Defy Ventures
The West Side · Downtown · Midtown

Defy Ventures provides opportunities for entrepreneurship, leadership, and career development to men and women with criminal histories.

Defy provides carefully selected, ambitious men and women with criminal histories with life-changing entrepreneurship, leadership, and career opportunities. The Defy internship offers 12 months of hands-on, MBA-like training, mentoring, character development, business incubation and financing. Defy’s holistic training and support equips students to thrive as entrepreneurs, parents, and role models in their communities.

Our volunteers with entrepreneurship and business expertise find a unique opportunity to leverage their skills and competencies at Defy by mentoring entrepreneurs with criminal histories toward a new start.
Defy's unique entreprenurial coaching program engages executives across all spheres of business to be mutually transformed by the friendships they make. Many of the HFNY mentors become lifelong advocates for their mentees.
To recruit entrepreneurial participants, our volunteers act as judges, panel experts, and mock customers during events like scavenger hunts and mocktail nights challenging participants to understand running a business in the NYC context.

All volunteers must be business executives, entrepreneurs, investors and other skilled, passionate professionals (e.g., lawyers and accountants) in order to participate. Volunteers must be at least 18 years old.

Entrepreneurs-in-Training (EIT) Program:

  • Volunteers coach and mentor the entrepeneurs-in-training throughout four-month program as they refine their business strategies, hone their entrepreneurial skills, launch their businesses and develop long-term professional careers.

Preliminary Participant Competitions:

  • Volunteers judge business plan, product pitch, and various other competitions to help evaluate and give feedback to the potential entrepreneurs-in-training.

Online Mentors:

  • Volunteers sign up to receive 5 resumes and leadership statements to edit and give feedback on within a 6-day time frame. 45-minute tutorial is required before materials will be sent.

See below to sign up for these opportunities.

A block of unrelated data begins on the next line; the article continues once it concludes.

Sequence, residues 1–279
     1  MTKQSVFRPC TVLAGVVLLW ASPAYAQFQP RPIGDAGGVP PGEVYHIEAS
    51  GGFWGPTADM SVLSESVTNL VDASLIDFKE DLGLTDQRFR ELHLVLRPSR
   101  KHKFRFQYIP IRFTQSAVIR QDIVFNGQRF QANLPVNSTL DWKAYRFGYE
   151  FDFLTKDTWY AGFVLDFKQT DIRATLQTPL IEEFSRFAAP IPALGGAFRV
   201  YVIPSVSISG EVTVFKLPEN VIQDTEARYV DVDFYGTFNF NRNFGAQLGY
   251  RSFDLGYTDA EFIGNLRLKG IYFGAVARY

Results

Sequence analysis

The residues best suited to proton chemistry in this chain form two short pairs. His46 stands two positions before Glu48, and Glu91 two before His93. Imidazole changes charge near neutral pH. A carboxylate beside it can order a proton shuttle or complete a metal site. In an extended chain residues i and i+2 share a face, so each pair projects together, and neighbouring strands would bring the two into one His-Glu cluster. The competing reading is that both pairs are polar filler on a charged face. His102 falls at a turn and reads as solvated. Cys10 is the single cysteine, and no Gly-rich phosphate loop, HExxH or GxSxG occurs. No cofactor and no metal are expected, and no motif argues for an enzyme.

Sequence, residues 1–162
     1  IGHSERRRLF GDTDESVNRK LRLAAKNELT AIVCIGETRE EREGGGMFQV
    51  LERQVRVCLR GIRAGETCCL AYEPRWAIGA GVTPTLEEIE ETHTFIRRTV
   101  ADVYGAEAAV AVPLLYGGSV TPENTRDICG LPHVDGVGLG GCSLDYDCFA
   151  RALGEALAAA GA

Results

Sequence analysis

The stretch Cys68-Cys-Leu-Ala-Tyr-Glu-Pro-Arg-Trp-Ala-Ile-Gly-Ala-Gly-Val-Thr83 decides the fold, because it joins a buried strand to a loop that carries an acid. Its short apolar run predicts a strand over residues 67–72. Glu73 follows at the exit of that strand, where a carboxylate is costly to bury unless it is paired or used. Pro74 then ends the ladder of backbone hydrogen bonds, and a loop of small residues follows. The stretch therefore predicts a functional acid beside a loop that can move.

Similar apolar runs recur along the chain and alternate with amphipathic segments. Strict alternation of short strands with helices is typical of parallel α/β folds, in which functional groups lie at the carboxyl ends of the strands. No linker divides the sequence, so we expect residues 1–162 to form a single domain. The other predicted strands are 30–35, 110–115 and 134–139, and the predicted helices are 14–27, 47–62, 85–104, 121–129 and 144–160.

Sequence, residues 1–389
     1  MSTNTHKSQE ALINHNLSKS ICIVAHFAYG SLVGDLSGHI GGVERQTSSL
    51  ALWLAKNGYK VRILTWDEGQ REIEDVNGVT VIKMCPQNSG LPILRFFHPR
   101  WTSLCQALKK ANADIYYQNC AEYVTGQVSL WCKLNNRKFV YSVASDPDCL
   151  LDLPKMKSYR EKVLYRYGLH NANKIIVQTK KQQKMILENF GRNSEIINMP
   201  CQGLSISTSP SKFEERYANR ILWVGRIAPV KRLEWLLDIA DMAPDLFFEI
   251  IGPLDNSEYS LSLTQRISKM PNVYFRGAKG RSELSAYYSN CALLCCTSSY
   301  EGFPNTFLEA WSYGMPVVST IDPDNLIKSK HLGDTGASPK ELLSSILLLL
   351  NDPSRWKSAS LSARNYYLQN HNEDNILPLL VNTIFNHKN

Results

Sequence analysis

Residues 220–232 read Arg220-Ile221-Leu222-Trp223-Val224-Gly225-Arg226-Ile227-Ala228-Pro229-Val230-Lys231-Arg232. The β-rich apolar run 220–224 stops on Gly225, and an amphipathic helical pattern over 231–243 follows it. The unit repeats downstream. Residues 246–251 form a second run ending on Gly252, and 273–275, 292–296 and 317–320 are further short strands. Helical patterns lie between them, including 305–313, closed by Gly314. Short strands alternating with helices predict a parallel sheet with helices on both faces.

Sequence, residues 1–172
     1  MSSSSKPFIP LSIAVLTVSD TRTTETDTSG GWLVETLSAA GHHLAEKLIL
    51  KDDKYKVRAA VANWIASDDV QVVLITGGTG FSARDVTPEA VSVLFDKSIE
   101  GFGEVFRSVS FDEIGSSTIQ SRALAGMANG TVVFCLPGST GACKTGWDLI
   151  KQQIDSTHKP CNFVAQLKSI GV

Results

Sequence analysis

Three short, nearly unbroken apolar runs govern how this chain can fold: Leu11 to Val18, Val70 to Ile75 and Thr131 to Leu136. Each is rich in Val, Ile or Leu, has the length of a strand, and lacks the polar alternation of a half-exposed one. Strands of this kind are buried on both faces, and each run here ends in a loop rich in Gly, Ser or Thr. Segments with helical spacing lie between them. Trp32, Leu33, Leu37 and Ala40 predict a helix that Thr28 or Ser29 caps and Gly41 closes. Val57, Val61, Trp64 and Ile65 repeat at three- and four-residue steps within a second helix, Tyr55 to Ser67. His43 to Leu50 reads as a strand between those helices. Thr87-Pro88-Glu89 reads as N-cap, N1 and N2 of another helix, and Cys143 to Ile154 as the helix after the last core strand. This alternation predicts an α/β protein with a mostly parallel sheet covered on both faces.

“The day I realized that the relationship between Defy Ventures and Hope for New York was an amazing one was when I realized the relationship of Russell and Glen, one of the volunteers from HFNY. He took Russell to his church, brought him to his family dinner. Russell comes from somewhere where it’s dark and hard, and then in turn having someone like Glen who’s really supporting him and pushing him and being his friend, helping him become successful, helping him become that great father, son, that we all dream of becoming.”
Jose, Staff
What we learned from Tim Keller & Bryan Stevenson last week
May 24, 2016
Last week, in an event co-sponsored by Redeemer Presbyterian Church, Center for Faith and Work, and Hope for New York, Tim Keller & Bryan Stevenson spoke about race, reconciliation, mass incarceration, systemic injustice, and the church. The discussion was equal parts heartbreaking, challenging, and inspiring, and we've shared some of our key takeaways here.
4 ways to pray for our neighbors who are or have been incarcerated
June 08, 2016
This week, in conjunction with our “Hope after Prison” workshop, we hope you will join us as we pray for our justice system and for those currently or formerly incarcerated.
Takeaways from our Hope After Prison Workshop
June 22, 2016
During our “Hope After Prison” workshop on June 8, we heard from four creative and inspiring New York City leaders about their work to empower men and women who have been incarcerated. We were challenged to re-think how we engage with men and women who are returning home from prison, who face very real challenges and barriers to re-entry even after they have served their time.
Prayers for the Formerly Incarcerated
May 04, 2017
The U.S. comprises five percent of the world’s population, but 25 percent of its prisoners. Upon returning home, formerly incarcerated people often struggle with substance abuse, lack of education and employment skills, limited housing options, and mental health issues. Let's pray for these neighbors of ours.